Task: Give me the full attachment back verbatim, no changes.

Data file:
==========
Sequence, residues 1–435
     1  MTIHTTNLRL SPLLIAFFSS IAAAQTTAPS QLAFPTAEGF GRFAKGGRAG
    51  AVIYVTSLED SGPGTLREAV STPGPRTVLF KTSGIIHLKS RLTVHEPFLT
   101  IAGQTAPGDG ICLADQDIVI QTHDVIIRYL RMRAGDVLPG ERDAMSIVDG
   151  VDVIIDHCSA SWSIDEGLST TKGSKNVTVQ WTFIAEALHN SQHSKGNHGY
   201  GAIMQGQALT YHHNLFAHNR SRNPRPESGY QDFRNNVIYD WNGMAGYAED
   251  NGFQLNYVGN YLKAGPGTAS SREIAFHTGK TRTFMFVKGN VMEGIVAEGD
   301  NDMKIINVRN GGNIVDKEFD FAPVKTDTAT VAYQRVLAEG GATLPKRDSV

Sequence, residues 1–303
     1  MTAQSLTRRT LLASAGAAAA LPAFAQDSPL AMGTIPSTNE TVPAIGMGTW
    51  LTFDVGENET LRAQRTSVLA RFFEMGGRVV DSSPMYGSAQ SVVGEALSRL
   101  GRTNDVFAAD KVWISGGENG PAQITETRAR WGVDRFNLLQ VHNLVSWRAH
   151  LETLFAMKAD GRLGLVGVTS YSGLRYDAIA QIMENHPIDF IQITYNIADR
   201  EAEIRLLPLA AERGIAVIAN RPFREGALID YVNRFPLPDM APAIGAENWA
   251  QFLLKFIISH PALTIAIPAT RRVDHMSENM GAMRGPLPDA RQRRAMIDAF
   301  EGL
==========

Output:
Sequence, residues 1–435
     1  MTIHTTNLRL SPLLIAFFSS IAAAQTTAPS QLAFPTAEGF GRFAKGGRAG
    51  AVIYVTSLED SGPGTLREAV STPGPRTVLF KTSGIIHLKS RLTVHEPFLT
   101  IAGQTAPGDG ICLADQDIVI QTHDVIIRYL RMRAGDVLPG ERDAMSIVDG
   151  VDVIIDHCSA SWSIDEGLST TKGSKNVTVQ WTFIAEALHN SQHSKGNHGY
   201  GAIMQGQALT YHHNLFAHNR SRNPRPESGY QDFRNNVIYD WNGMAGYAED
   251  NGFQLNYVGN YLKAGPGTAS SREIAFHTGK TRTFMFVKGN VMEGIVAEGD
   301  NDMKIINVRN GGNIVDKEFD FAPVKTDTAT VAYQRVLAEG GATLPKRDSV

Sequence, residues 1–303
     1  MTAQSLTRRT LLASAGAAAA LPAFAQDSPL AMGTIPSTNE TVPAIGMGTW
    51  LTFDVGENET LRAQRTSVLA RFFEMGGRVV DSSPMYGSAQ SVVGEALSRL
   101  GRTNDVFAAD KVWISGGENG PAQITETRAR WGVDRFNLLQ VHNLVSWRAH
   151  LETLFAMKAD GRLGLVGVTS YSGLRYDAIA QIMENHPIDF IQITYNIADR
   201  EAEIRLLPLA AERGIAVIAN RPFREGALID YVNRFPLPDM APAIGAENWA
   251  QFLLKFIISH PALTIAIPAT RRVDHMSENM GAMRGPLPDA RQRRAMIDAF
   301  EGL